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Vintage Watch Straps

Straps for vintage fixed wire lug trench or officer's wristwatches.

Blog: Watch Sizes

Copyright © David Boettcher 2006 - 2017 all rights reserved.

I make additions and corrections to this web site frequently, but because they are buried somewhere on one of the pages the changes are not very noticeable, so I decided to create this blog section to highlight new material. Here below you will find part of one of the pages that I have either changed or added to significantly.

This particular blog page is unusual in that it isn't extracted from any other page but stands on its own as a disussion about watch sizes, in particular the sizes used to measure and characterise watch movements.

If you have any questions or comments, please don't hesitate to contact me via my Contact me page.

English and American Watch Sizes

English and American watch sizes are based on the diameter of the bottom plate of the movement.

Wycherley movement - click image to enlarge
Thanks to Alan for the pictures

The photograph here shows the dial plate of an English lever watch. The initials JW are for John Wycherley of Prescot, an English pioneer of mass produced rough movements or "frames". In 1866 Wycherley set up a factory in Warrington Road, Prescot, with three floors and steam power to produce by machinery plates and other parts that were interchangeable.

Above Wycherley's initials are a set of numbers that define the essential dimensions of the movement, often called in English watchmaking the "calliper" of the movement, derived from the measurement of the diameter of the bottom (dial) plate measured by a pair of callipers. The equivalent Swiss/French term is "calibre" and literally means much the same thing, although calibre is often used to characterise the specific layout of a movement as well as its size.

The following information is based on information in Philip Priestley's "Aaron Lufkin Dennison, An Industrial Pioneer and his Legacy".

The number 12 gives the size or diameter of the movement, followed by a • and then a 0 over a 3 that gives the pillar height which determines the thickness of the movement.

This calliper size is called the "Lancashire Watch gauge system" for determining watch sizes. Size zero formed the base of the scale with a plate diameter of 1 inch plus 5/30 inches for the mounting flange or "drop", giving a base for the scale at zero of 35 thirtieths of an inch, or 1.167″. Each 1/30 inch increased in diameter increments the gauge size by one. For smaller watches, the scale counts down from zero, indicated by 2/0, 3/0 etc. A glance at the table makes it clear.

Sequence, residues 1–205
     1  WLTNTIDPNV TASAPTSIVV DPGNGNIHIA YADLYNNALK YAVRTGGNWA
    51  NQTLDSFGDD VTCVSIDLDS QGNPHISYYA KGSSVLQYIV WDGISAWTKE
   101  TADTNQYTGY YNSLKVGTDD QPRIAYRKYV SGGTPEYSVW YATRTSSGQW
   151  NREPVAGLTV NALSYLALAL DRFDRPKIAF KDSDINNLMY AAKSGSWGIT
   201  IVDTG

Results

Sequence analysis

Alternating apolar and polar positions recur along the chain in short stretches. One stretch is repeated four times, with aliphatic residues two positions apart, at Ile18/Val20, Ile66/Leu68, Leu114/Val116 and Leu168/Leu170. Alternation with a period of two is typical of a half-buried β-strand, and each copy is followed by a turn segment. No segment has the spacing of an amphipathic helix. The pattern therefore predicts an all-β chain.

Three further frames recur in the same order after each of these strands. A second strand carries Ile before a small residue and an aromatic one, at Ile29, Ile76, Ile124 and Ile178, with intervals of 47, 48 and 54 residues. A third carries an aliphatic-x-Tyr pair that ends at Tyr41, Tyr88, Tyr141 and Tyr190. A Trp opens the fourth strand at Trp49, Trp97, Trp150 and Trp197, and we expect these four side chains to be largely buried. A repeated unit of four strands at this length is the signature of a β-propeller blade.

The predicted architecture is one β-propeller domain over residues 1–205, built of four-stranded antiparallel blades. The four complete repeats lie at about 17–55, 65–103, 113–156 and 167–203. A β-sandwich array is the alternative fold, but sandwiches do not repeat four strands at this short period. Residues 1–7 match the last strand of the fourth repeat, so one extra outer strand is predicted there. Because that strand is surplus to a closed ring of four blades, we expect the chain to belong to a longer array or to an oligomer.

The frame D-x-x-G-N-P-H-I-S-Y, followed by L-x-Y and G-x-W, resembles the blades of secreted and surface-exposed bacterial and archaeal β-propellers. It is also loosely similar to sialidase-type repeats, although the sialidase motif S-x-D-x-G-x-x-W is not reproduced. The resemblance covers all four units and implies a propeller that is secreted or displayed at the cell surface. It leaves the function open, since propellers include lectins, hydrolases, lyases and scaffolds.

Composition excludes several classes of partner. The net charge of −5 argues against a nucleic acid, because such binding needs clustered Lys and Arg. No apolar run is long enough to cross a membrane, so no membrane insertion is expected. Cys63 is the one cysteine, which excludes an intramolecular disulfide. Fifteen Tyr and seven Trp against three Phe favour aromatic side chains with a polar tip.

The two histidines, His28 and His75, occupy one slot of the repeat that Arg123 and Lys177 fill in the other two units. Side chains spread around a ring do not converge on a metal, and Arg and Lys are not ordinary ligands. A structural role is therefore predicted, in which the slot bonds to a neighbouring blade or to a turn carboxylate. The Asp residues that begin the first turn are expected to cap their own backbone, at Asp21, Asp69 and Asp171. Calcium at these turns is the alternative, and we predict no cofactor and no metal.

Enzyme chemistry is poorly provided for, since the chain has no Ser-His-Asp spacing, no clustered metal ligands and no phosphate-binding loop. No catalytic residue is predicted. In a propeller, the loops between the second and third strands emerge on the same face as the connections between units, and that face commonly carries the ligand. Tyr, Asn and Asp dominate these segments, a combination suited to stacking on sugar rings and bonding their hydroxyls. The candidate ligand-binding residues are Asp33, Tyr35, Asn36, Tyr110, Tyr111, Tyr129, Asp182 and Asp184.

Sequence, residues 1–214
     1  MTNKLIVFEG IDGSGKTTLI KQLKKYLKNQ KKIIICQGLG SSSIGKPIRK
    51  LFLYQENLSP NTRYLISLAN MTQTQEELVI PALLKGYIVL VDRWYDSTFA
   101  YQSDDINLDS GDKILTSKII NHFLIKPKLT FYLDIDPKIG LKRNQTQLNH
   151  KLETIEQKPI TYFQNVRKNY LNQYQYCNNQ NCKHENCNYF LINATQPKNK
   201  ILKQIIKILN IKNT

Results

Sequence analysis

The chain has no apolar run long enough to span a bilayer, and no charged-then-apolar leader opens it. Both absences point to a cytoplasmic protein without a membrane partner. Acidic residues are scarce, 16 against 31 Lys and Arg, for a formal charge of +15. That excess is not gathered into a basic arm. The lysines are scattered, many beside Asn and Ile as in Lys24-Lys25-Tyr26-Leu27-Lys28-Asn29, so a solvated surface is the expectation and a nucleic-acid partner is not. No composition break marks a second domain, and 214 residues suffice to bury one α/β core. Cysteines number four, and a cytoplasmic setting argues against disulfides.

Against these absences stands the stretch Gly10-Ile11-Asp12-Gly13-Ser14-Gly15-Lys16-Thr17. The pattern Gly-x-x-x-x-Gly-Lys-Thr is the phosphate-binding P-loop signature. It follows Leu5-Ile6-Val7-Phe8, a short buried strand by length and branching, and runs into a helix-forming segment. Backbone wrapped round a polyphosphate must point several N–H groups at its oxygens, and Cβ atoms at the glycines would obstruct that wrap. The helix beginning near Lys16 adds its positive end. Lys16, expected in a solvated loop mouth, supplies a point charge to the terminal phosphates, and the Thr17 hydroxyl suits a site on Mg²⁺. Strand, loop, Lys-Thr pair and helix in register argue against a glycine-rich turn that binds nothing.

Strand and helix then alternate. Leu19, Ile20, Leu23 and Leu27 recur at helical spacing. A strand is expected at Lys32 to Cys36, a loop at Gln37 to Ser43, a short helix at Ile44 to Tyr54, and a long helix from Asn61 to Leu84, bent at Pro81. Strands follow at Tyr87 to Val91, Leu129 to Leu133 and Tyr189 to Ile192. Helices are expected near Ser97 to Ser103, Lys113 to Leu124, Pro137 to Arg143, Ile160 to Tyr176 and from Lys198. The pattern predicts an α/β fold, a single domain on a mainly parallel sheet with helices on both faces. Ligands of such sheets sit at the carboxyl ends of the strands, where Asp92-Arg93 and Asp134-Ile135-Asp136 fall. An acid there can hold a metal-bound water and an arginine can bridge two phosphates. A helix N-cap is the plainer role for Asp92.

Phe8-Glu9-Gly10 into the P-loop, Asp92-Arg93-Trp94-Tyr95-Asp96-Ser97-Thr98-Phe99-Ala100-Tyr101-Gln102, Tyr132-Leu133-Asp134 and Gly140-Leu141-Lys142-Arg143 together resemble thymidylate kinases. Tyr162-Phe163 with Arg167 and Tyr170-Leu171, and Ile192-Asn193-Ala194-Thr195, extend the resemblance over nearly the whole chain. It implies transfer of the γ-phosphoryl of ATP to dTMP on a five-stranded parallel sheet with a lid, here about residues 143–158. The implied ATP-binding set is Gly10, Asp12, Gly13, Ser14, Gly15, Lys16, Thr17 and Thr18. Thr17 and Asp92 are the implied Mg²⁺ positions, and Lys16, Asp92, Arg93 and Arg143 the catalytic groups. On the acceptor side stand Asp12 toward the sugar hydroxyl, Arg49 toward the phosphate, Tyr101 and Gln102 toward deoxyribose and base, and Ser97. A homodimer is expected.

The 12 on the Wycherley movement shown in the indicates that it is 1 inch plus (12+5)/30 = 1 and 17/30 inches in diameter, or 47/30 = 1.567″.

10/026/30 = 1.000 22.09.75
9/027/30 = 1.000 22.910.1
8/028/30 = 1.000 23.710.5
7/029/30 = 1.000 24.610.9
6/030/30 = 1.000 25.411.3
5/031/30 = 1.033 26.211.6
4/032/30 = 1.067 27.112.0
3/033/30 = 1.100 27.912.4
2/034/30 = 1.133 28.812.8
035/30 = 1.167 29.613.1
237/30 = 1.233 31.313.9
439/30 = 1.300 33.014.6
641/30 = 1.367 34.715.4
843/30 = 1.433 36.416.1
1045/30 = 1.500 38.116.9
1247/30 = 1.567 39.817.6
1449/30 = 1.633 41.518.4
1651/30 = 1.700 43.219.1
1853/30 = 1.767 44.919.9
2055/30 = 1.833 46.620.6
2257/30 = 1.900 48.321.4

It might be thought odd that the gauge was based on 1/30 part of an inch rather than some less unwieldy fraction, but 1/3 of an inch was the smallest Anglo-Saxon unit of length and was called a barleycorn, because it was nominally the length of a corn or grain of barley. This measurement is still the basis for shoe sizes in Britain. When early watchmakers needed to specify dimensions more closely, it was natural for them to think in terms of 1/10 of a barleycorn.

The micrometer, with its associated division of the inch into "thous" or thousandths of an inch, was not invented until the nineteenth century. It might be thought that it would be difficult to make something as precise as a watch without a means of accurate measurement, but the first watches were made by hand finishing parts so that they all fitted together in one watch, they were not interchangeable between different watches. It was the development of accurate measuring instruments that allowed the mass production of watches, by enabling parts to be made to uniform sizes and interchangeable.